Lenore Wachtel, 72, a Boca Raton Democrat, backs Obama, but says she understands why some of her friends don't anymore.
"Obama has made several statements that have led some Jewish people to believe that he is not supportive of Israel, that he has more sympathy for the Palestinians than the Israelis, and that has made them question, or look at the Republicans," she said.
"I'm not thrilled with him. I'm not thrilled with the way the administration, the Democrats are treating Israel," said Stan Cohen, 78, a Sunrise Republican.
Minerva Fishman, 93, of Coconut Creek, said that's wrong. "President Obama is doing as good a job as he possibly can with all the opposition he faces from the Republican Party. I'm going to vote for him," she said. "I hope most of our Jewish people recognize the fact that he happens to be very good for Israel as well."
Democrat Joy Feingold, 80, of Pembroke Pines, said she too will vote for the president. But, she said, she's on the receiving end of missives from her cousin that suggest Obama has betrayed Israel. "I don't answer his emails," she said.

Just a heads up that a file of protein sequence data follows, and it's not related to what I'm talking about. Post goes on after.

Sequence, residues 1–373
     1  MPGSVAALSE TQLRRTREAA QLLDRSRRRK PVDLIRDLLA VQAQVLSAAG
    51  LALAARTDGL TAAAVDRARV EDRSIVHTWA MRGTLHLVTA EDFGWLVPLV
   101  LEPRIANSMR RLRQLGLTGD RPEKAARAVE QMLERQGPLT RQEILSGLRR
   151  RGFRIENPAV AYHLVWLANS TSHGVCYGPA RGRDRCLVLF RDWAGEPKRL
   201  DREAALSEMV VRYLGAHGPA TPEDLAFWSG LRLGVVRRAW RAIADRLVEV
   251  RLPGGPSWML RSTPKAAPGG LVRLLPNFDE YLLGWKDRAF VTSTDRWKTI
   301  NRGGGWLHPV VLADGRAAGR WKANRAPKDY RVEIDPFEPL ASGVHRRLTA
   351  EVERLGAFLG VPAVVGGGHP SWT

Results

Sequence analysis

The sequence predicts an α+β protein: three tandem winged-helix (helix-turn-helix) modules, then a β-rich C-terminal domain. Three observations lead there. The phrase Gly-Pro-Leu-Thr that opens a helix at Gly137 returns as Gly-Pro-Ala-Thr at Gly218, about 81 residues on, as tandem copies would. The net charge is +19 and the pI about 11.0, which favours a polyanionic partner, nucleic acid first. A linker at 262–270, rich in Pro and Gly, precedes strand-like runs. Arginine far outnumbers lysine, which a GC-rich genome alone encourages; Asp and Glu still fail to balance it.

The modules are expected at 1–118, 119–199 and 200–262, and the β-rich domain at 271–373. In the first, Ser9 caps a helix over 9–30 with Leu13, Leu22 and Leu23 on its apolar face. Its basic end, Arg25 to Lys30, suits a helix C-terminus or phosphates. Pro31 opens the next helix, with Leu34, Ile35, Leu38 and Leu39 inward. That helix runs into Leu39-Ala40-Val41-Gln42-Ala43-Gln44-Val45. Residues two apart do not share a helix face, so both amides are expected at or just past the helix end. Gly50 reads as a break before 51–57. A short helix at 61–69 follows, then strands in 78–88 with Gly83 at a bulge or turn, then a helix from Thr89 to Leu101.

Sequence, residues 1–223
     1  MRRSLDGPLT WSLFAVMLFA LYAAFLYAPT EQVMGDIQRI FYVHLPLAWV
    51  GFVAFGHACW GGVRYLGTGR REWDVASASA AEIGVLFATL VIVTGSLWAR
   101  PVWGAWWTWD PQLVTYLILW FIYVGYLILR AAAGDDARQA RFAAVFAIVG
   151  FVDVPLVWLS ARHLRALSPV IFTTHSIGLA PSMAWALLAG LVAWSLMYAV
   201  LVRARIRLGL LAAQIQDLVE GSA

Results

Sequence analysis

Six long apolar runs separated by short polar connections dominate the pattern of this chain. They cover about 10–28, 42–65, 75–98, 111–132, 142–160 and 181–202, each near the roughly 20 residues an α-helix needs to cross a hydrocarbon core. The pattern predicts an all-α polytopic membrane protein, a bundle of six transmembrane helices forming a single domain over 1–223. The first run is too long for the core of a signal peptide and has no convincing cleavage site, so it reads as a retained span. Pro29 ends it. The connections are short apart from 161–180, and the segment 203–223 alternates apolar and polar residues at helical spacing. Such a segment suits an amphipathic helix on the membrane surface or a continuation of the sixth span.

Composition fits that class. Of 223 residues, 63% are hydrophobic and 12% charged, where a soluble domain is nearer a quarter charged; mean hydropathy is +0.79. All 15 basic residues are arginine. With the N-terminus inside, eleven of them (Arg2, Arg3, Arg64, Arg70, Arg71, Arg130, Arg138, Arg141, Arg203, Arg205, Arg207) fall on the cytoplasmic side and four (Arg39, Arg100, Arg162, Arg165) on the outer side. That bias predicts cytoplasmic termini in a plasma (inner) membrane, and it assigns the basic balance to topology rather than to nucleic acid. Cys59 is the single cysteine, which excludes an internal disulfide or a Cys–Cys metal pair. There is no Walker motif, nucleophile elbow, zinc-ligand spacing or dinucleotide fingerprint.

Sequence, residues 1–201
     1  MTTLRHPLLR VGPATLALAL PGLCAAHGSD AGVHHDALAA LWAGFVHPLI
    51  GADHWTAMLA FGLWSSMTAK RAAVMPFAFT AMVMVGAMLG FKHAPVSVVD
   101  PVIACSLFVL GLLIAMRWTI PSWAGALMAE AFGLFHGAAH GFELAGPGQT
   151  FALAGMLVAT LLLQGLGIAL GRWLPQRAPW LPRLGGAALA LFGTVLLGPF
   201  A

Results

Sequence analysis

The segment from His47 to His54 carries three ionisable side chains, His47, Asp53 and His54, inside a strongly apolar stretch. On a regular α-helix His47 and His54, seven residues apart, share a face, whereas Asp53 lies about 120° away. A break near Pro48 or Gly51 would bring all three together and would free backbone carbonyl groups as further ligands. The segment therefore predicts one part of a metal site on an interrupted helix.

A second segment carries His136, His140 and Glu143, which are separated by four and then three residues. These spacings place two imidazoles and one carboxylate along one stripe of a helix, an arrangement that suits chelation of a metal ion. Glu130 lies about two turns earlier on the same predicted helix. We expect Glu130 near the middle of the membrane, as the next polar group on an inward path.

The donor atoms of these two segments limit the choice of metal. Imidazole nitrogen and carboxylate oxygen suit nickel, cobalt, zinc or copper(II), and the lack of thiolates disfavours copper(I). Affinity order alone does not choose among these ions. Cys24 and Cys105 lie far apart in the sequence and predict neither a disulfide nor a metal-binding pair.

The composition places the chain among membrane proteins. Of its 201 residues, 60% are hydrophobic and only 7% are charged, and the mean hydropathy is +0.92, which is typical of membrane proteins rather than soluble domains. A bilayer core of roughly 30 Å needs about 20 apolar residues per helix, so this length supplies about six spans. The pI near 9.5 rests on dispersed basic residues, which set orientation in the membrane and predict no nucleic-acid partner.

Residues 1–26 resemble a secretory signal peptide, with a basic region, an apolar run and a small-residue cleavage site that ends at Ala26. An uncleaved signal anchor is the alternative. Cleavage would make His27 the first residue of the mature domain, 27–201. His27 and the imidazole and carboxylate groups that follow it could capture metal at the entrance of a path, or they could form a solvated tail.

Former U.S. Rep. Robert Wexler, a Democrat who represented a Broward-Palm Beach county district with more Jewish constituents than any other in the U.S. House for 13 years until he became president of the Daniel Abraham Center for Middle East Peace in 2010, blames the growing doubts among some Jewish voters on a "massive misinformation campaign regarding President Obama's excellent record involving Israel."
Wexler, who was Obama's most prominent early national Jewish supporter before the 2008 election, said the American-Israeli security relationship is better now than under previous presidents of both parties.